To the OP: the vulva will become larger, some bitches don't bleed as much as others (just like us). Watch her for licking the vaginal area (she'll clean herself more in heat), take a tissue or toilet paper and wipe or blot the area and see if there is anything. You should also find another vet as well as they can do a fairly non-invasive check. Maybe clip the sanitary area so they/you can see it better. You could also get a doggy diaper (heat shield) which is like panties for bitches inwhich you place a sanitary napkin in it and velcro or snap the panties on the bitch (it has a hole for the tail).

She sat down because she isn't ready to accept the dog, so please keep her away from any other dogs...if by chance it does happen and she does hook up, just get her spayed right away or you'll be whelping a litter in 60 days after the hook up. Good luck with this.
 

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Hi again,

Thanks Horseshoe. Yes, I assumed she sat down because she was not yet allowing a dog to mount her. The vet did blot her to check discharge and there was discharge, so this has been done and this sign of heat confirmed. I did also read that ultrasounds are not effective to determine if she is intact or not, as you mentioned, so I wasn't terribly surprised when this was not proposed as an option by my vet; even with humans I know they don't always show what is expected (I once had an ultrasound during which the technician was unable to "find" my ovaries, so I can imagine a similar scenario in another mammal). We will visit the groomer on Wednesday so she'll be clipped which will give us a better look as per your advice.

Unfortunately, while I understand your advice to keep her away from other dogs, it is simply not possible to keep her away from other dogs altogether, since, as I explained in my original post, we do not have a yard, so she must be taken out on a leash for a walk, even if it is just a short elimination break. She is never off-leash outside, though, so I am able to monitor her at all times. However, the really maddening thing is that although I am careful to only take her to places where leashes are required by law, some dog owners think the law doesn't apply to them! I can't do much about this of course. I do try to take her to places where I know people do not tend to walk their dogs, to lessen the risk.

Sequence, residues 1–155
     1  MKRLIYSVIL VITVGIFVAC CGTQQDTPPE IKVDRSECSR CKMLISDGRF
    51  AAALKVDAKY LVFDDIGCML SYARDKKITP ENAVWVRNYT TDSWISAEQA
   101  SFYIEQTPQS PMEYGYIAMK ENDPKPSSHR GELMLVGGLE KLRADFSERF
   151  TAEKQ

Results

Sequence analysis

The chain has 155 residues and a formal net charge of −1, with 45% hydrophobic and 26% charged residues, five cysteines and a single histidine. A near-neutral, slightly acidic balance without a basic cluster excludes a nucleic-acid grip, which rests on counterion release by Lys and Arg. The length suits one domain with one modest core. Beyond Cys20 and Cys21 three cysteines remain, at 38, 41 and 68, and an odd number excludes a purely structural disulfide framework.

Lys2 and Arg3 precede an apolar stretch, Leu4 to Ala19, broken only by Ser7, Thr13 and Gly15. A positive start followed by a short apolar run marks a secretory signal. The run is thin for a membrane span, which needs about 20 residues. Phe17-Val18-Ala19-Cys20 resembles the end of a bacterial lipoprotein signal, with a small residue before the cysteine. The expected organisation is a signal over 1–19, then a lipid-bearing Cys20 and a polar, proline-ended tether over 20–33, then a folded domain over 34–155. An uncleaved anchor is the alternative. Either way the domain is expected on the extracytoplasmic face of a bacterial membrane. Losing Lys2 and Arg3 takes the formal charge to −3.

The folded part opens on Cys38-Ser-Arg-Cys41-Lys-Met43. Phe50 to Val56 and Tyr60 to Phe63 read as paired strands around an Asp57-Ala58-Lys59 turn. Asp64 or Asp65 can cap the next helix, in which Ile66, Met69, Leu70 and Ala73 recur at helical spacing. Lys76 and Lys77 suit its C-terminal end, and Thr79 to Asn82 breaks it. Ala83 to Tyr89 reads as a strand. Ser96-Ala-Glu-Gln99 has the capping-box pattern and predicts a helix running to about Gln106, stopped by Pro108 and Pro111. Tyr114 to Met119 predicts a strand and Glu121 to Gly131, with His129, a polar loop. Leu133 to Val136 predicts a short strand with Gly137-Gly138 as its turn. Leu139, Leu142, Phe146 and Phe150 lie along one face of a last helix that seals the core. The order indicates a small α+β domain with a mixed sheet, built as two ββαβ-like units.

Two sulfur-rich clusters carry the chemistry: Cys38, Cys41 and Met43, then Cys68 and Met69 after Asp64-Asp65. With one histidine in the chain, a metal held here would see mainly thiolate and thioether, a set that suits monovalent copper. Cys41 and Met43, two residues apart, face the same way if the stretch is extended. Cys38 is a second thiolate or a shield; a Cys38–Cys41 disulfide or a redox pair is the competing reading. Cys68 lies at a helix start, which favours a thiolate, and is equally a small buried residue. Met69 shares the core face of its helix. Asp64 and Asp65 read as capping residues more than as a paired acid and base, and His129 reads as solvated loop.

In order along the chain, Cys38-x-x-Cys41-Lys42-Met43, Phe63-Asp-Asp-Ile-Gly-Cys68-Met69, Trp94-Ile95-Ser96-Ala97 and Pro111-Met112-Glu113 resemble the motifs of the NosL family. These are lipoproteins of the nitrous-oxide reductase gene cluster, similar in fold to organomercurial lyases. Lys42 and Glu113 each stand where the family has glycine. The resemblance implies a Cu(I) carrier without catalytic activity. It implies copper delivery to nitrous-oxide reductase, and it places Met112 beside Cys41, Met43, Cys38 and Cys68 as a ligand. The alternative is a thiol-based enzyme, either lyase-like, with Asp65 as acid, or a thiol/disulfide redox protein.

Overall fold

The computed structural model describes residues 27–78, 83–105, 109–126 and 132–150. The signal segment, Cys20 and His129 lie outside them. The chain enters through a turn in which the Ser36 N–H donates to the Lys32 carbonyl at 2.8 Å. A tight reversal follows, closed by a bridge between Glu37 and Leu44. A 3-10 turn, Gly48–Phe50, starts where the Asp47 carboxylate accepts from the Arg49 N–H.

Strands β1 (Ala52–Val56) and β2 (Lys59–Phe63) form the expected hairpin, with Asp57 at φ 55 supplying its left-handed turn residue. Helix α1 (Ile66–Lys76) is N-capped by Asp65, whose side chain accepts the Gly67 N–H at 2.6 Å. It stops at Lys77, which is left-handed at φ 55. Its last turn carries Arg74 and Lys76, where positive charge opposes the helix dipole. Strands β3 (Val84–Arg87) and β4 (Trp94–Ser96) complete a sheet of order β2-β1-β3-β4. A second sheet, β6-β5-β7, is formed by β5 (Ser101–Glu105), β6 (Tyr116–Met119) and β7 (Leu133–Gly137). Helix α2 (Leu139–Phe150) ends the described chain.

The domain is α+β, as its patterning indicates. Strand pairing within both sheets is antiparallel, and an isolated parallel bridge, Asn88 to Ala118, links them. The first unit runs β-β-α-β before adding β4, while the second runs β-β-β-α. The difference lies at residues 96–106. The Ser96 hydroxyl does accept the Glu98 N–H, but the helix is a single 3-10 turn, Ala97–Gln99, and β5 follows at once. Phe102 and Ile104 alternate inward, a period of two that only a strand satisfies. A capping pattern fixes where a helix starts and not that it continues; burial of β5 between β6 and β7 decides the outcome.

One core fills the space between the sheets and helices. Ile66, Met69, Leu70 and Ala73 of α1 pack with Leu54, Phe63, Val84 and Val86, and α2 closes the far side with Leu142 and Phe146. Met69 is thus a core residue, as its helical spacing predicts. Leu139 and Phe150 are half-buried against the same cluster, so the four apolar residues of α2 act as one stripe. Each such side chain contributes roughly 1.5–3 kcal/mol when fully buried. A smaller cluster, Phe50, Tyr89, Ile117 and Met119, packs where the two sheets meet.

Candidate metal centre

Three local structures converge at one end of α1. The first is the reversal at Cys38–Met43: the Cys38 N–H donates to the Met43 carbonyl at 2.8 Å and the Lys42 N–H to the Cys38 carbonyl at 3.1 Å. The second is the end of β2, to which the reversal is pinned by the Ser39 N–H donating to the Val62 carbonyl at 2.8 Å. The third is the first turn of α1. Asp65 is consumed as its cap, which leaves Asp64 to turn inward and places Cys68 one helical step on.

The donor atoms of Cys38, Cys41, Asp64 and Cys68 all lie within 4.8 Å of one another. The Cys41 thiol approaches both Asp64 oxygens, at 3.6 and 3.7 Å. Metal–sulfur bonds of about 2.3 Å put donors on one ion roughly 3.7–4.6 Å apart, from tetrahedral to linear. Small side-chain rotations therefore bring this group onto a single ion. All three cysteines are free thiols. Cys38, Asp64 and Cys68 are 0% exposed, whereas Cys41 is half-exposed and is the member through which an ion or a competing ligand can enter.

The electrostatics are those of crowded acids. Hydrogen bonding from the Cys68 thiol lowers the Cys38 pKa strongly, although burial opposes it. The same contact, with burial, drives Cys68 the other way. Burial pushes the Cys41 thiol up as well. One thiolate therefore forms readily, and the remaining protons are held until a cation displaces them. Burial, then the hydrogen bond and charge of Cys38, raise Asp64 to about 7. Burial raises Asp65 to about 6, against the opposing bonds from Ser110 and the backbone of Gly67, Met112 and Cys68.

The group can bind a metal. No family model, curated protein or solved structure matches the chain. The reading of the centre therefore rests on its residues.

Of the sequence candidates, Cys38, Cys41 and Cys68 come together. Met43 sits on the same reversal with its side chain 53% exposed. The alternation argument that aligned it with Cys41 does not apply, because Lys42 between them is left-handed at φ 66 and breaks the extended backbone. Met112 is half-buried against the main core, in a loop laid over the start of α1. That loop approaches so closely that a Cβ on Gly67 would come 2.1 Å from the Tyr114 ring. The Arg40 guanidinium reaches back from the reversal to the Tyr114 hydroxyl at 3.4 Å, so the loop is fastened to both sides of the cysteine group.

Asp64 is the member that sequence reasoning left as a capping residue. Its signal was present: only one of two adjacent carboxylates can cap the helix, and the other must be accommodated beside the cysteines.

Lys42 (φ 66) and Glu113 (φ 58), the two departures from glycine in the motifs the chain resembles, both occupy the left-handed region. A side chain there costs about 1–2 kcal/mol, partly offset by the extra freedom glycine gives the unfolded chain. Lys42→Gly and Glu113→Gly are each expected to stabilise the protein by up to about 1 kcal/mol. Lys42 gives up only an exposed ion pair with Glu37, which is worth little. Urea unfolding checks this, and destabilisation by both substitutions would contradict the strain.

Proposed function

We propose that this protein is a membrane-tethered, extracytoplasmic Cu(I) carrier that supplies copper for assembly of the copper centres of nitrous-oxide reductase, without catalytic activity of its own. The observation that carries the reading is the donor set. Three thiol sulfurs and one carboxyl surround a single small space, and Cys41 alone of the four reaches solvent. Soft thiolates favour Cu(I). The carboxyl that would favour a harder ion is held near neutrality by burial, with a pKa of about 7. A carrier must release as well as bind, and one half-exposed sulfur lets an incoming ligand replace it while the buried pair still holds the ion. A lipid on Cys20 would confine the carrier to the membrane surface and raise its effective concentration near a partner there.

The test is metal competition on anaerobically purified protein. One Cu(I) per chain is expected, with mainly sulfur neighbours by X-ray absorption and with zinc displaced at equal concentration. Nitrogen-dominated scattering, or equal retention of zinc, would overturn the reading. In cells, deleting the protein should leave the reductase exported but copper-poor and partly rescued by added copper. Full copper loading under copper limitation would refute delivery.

We're calling the other vet first thing tomorrow so I hope we can have her set up for an appointment very soon. Until then, we're being super careful. It's the best we can do for right now.

Best,
mutt78
 

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JustTess, i hope you don't think my 1st comment was directed at you....it was directed at the vet that couldn't tell you if he was neutered or not....that, to a vet, should be apparent
I'm learning a lot about neutered dogs. LOL. I don't think the shelter even examined George when they said that mainly because it was a very large, high-kill shelter that was already overloaded. I wouldn't know the difference. :)
 

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I wouldn't know the difference. :)
Really? In dogs, it's very obvious. After a few looks at an intact male vs. a neutered male, I'm sure you could get the hang of it real fast. An intact dog has testicles between his back legs. A neutered dog doesn't. There ain't nothin' there! No mistaking it.

I once picked up a stray dog, and when we took her to get her shots, we asked the vet to check to see if she was spayed. The vet palpated her abdomen for like 10 minutes, and then said she couldn't tell. As we were paying, the dog was socializing with the receptionist, and was leaving blood spots everywhere. Doh! I suppose it was all that poking around that made the blood come out faster. And the the vet offered to test her for kidney problems because of the blood. . .really? Do they not teach vets about dogs in heat anymore (she was just out of vet school doing an internship)? Anyway, it wasn't as hard to keep her contained as I thought it would be. Not like a cat in heat! Although there was this young Lab who kept hanging around and wouldn't go away.
 

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I can tell in about 3 second if a male has been neutered. As for bitches.... Bring them by. My dog Merlin can tell if they are in heat instantly.
 

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I can tell in about 3 second if a male has been neutered. As for bitches.... Bring them by. My dog Merlin can tell if they are in heat instantly.
Here's your chance (and Merlin's) to see the Netherlands!
 

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When we got Coco, the "shelter" (I use this word loosely now that I know what kind of place it truly is) couldn't tell me if she was spayed or not. My vet palpated her tummy, right under the belly button, and felt scarified tissues under the skin. She made me touch so I could feel it: it felt like a rubber band, that's the best I can describe it. There was no visible scar on the skin though.